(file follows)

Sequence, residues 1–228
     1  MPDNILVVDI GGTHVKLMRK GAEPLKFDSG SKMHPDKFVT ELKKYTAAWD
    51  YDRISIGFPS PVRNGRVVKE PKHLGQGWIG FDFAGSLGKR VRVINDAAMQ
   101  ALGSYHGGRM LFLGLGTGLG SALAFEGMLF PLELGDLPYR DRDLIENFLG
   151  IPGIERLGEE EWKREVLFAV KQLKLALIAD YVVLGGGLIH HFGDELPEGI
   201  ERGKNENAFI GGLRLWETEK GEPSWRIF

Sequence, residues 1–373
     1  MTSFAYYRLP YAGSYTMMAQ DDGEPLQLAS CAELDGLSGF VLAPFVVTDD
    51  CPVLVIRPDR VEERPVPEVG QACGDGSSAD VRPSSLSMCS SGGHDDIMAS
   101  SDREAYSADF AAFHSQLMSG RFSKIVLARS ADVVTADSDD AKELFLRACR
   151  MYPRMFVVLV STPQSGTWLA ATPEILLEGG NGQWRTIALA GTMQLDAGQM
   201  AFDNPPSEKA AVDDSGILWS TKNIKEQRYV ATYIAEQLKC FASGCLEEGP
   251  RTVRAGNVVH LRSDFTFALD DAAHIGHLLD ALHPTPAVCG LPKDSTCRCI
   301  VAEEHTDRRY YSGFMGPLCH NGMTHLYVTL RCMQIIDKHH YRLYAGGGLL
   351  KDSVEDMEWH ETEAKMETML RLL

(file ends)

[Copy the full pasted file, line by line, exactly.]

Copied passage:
Sequence, residues 1–228
     1  MPDNILVVDI GGTHVKLMRK GAEPLKFDSG SKMHPDKFVT ELKKYTAAWD
    51  YDRISIGFPS PVRNGRVVKE PKHLGQGWIG FDFAGSLGKR VRVINDAAMQ
   101  ALGSYHGGRM LFLGLGTGLG SALAFEGMLF PLELGDLPYR DRDLIENFLG
   151  IPGIERLGEE EWKREVLFAV KQLKLALIAD YVVLGGGLIH HFGDELPEGI
   201  ERGKNENAFI GGLRLWETEK GEPSWRIF

Sequence, residues 1–373
     1  MTSFAYYRLP YAGSYTMMAQ DDGEPLQLAS CAELDGLSGF VLAPFVVTDD
    51  CPVLVIRPDR VEERPVPEVG QACGDGSSAD VRPSSLSMCS SGGHDDIMAS
   101  SDREAYSADF AAFHSQLMSG RFSKIVLARS ADVVTADSDD AKELFLRACR
   151  MYPRMFVVLV STPQSGTWLA ATPEILLEGG NGQWRTIALA GTMQLDAGQM
   201  AFDNPPSEKA AVDDSGILWS TKNIKEQRYV ATYIAEQLKC FASGCLEEGP
   251  RTVRAGNVVH LRSDFTFALD DAAHIGHLLD ALHPTPAVCG LPKDSTCRCI
   301  VAEEHTDRRY YSGFMGPLCH NGMTHLYVTL RCMQIIDKHH YRLYAGGGLL
   351  KDSVEDMEWH ETEAKMETML RLL